by Rabbi Mishael Zion
In the small minyan in Jerusalem where I spent the high holy days of my childhood, as the shaliach tzibur of mussaf would rise to start his prayers, a hush of trepidation would go through the congregation. It is a trepidation that I imagine many daveners feel before mussaf, as the chazzan opens the service with one of the most raw and open prayers in the machzor: Hineni, heAni miMa’as… “Here I am, a person of impoverished acts.”
The drama of the moment is immense. It emanates from the chutzpah to dare lead the Mussaf service, playing the role of the Cohen Gadol [High Priest] on Yom Kippur who enters the innermost places. On the other hand this moment requires the courage to stand before the congregation and admit that one is deeply unworthy (and with the occasional uppity chazzan, the slight disingenuousness of the moment … ).
This is the prayer of the first Jewish leader on the first day of the year, but it is not just about standing up in prayer. Taking a deeper look, this prayer can be read as the basic statement before taking up action. The “Hineni” prayer is the coda of any Shaliach Tzibur, a person sent by the community.
As we face moments where leadership is needed in the coming year – in our professions, family and community – this prayer holds some important insights on taking action in the world.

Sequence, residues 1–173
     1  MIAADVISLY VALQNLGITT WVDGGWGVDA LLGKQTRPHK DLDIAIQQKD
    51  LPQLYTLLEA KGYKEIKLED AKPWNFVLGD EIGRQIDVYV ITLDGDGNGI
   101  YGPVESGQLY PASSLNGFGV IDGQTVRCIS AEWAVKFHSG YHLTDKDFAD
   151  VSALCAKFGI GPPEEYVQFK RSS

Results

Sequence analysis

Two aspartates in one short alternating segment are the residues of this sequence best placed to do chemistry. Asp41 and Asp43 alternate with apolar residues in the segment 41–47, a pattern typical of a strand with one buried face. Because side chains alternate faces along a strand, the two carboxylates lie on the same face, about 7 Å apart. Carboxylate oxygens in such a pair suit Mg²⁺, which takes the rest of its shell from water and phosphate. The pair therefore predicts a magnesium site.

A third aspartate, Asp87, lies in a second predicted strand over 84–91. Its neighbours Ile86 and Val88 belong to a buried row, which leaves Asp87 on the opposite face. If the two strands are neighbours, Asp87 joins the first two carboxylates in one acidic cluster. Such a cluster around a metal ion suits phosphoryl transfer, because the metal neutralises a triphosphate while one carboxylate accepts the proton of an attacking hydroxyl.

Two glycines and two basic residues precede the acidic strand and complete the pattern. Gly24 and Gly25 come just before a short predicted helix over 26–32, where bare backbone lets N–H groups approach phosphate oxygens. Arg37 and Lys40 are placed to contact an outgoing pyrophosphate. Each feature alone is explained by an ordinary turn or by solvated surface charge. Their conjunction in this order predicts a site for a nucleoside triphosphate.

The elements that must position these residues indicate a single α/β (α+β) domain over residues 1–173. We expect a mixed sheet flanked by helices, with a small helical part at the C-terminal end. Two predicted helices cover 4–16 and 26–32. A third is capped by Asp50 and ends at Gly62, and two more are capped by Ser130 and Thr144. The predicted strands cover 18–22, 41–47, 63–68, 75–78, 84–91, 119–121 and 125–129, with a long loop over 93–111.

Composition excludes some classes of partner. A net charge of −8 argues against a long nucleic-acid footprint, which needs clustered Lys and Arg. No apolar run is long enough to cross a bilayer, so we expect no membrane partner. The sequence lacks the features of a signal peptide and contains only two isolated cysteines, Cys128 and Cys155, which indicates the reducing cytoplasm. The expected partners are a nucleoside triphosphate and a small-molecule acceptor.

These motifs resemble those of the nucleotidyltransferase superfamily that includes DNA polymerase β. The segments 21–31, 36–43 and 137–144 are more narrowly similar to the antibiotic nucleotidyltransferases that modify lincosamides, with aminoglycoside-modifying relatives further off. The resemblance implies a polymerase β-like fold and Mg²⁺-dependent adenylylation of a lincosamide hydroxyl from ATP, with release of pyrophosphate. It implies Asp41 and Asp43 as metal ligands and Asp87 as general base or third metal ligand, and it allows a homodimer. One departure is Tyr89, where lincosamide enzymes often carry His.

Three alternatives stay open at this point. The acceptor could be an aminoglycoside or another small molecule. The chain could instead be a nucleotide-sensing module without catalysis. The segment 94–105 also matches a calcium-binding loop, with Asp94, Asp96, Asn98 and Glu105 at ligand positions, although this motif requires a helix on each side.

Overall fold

For me, the hardest word to utter in that prayer is its first one: Hineni. Here I am. Who can say that today? Am I really here? Present? Ready to serve? Avraham had a Hineni when God asked him to take up the hardest of tasks. Moses had a Hineni at the burning bush. Do I have a Hineni?
Whenever we exercise leadership, stepping up to the plate to take action, we are in essence saying “Hineni”. The ability to have “Hineni” presence emanates first from an awareness of one’s own presence and abilities. There are moments when we are called to serve; when our skills, abilities or wisdom can serve our community. At those moments, we must be present.
Of course, an overbearing awareness of one’s abilities can be dangerous. At the same moment in which we step up to the plate, we must also hold on to the awareness of our unworthiness of the moment:
“Hineni – Here I am, a person impoverished of acts… I have come to serve on behalf of the people of Israel who have sent me – despite the fact that I am not worthy of this moment.” Without that basic humility, no successful action can be taken. In fact, the act of leadership must be done through a deep awareness of our flaws, not just our abilities. As the prayer continues: “Please do not allow my own sins and shortcomings to bear on my actions on their behalf”. In similar fashion, in leadership one’s own flaws will almost always spill over into the work being done. An awareness of one’s own shortcomings, and a concerted effort to prevent that spillover, is required.
Finally, in the closing paragraphs, the Hineni prayer reminds us that we can’t do it alone. We must find allies, support and partnership. In this case, the prayer turns to angels. Many of us shift uncomfortably in our seats when Jewish liturgy discusses angels. But when push comes to shove, on the days of judgment, we must seek help wherever we can get it. Being a Shaliach Tzibur never means going at it alone, but rather galvanizing the voices of the community to join you in prayer, to join you in action.
May we now to truly step up to the challenges facing our families and communities in the coming year.